In 1994, a US$12 billion implementing contract was signed between the US Enrichment Corporation (now USEC Inc) and Russia's Technabexport (Tenex) as executive agents for the US and Russian governments. USEC is purchasing a minimum of 500 tonnes of weapons-grade HEU over 20 years, at a rate of up to 30 tonnes/year from 1999. The HEU is blended down to 15,259 t of LEU at 4.4% U-235 in Russia, using 1.5% U-235 (enriched tails), to restrict levels of U-234 in the final product. USEC can then sell the LEU to its utility customers as fuel.
In September 2005 this program reached its halfway point of 250 tonnes HEU, producing some 7500 t LEU. At the end of June 2006 some 275 tonnes had produced 8090 tonnes of low-enriched fuel, for which Tenex in Russia had received US$ 4.1 billion. USEC claimed the elimination of 11,000 nuclear warheads.
For its part, the US Government has declared just over 174 tonnes of HEU (of various enrichments) to be surplus from military stockpiles. Of this, USEC has taken delivery of 14.2 tonnes in the form of uranium hexafluoride (UF6) containing around 75% U-235, and 50 tonnes as uranium oxide or metal containing around 40% U-235. Downblending of the UF6 was completed in 1998, to produce 387 tonnes of LEU. Some 13.5 tonnes of the HEU oxide or metal had been processed by September 2001 to produce 140.3 tonnes of LEU. In 2004 the Nuclear Regulatory Commission issued a licence for downblending 33 tonnes HEU by Nuclear Fuel Services in Tennessee and in 2005 the first delivery was made to a power plant.
In mid 2006 USEC announced that it had arranged the downblending of some US high-enriched uranium for use in power generation, making a total of 50 tonnes of this US material producing almost 660 tonnes of low-enriched fuel.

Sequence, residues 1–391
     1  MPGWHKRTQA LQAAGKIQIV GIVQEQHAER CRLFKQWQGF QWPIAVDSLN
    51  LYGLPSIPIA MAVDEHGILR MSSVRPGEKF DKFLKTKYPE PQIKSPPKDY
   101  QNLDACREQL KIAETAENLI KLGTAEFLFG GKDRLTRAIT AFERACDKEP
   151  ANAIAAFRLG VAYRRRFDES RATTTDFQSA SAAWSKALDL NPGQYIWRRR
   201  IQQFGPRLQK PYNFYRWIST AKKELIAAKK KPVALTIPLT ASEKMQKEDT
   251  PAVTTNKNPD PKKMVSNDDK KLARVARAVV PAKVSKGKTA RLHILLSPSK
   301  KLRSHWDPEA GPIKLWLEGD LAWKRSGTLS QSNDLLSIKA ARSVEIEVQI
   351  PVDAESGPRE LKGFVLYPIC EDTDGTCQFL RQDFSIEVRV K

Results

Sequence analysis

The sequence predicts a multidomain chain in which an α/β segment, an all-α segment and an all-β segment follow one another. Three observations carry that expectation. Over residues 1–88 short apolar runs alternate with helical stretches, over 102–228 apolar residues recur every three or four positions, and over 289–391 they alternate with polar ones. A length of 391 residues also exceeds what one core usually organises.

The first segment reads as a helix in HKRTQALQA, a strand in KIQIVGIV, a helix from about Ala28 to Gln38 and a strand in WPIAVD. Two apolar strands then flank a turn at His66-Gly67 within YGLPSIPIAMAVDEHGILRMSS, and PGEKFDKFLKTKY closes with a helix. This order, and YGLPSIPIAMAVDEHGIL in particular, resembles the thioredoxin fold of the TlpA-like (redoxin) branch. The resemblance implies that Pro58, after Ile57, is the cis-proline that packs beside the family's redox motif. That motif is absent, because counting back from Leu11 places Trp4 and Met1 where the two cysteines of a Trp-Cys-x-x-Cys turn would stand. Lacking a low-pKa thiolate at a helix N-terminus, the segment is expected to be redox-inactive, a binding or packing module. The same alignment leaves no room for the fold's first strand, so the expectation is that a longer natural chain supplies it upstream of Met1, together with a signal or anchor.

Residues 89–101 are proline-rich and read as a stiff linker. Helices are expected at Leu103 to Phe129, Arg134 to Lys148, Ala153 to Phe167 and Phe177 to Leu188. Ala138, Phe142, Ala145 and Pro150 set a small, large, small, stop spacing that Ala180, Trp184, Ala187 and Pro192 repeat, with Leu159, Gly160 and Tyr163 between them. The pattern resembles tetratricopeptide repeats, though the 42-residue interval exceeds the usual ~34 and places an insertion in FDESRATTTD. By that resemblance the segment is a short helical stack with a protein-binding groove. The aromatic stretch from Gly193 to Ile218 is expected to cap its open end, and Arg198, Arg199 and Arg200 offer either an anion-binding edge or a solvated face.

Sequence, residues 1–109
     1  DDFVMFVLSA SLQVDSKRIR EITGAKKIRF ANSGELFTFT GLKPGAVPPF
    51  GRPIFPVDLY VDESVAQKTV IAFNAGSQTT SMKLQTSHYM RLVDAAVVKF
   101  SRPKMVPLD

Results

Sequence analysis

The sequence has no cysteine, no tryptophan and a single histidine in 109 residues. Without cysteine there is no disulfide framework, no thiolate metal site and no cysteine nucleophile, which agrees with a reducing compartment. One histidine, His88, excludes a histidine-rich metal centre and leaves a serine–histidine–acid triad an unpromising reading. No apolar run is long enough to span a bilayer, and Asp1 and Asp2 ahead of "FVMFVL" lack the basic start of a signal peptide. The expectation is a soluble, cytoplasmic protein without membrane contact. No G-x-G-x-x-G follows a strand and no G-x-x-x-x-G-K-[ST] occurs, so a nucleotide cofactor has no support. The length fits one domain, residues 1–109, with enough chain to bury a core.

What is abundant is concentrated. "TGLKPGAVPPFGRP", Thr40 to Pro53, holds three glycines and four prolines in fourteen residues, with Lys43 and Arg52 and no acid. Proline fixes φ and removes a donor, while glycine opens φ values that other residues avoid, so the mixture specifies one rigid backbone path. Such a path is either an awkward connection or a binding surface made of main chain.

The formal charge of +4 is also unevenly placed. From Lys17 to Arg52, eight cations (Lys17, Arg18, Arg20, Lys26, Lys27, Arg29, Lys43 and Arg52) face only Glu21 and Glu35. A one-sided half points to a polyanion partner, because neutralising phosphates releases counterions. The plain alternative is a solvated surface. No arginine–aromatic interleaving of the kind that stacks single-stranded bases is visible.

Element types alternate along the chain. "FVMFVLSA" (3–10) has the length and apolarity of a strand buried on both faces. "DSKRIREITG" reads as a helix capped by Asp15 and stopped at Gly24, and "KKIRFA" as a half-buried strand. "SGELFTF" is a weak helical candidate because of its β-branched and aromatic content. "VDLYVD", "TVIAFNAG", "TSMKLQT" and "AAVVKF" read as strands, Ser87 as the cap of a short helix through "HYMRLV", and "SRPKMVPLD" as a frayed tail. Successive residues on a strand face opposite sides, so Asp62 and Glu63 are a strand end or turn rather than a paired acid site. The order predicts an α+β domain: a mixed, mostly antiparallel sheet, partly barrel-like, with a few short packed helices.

In mid 2007 the US Department of Energy's National Nuclear Security Administration awarded contracts to Nuclear Fuel Services and Wesdyne International to downblend 17.4 tonnes of HEU. NFS will downblend the material in Tennessee to yield some 290 tonnes of LEU by 2010. Wesdyne, the prime contractor, will then store the LEU at the Westinghouse fuel fabrication plant in South Carolina to be available for the Reliable Fuel Supply program. The fuel will be available for use in civilian reactors by nations in good standing with the International Atomic Energy Agency (IAEA) that have good nonproliferation credentials and are not pursuing uranium enrichment and reprocessing technologies. The LEU will be provided to qualifying countries only in the event of an emergency, such as a disruption in supply that cannot be corrected through normal commercial means, and would be sold at the current market price. To cover the cost of the project, Wesdyne will sell a small part of the LEU on the market over a three to four year period.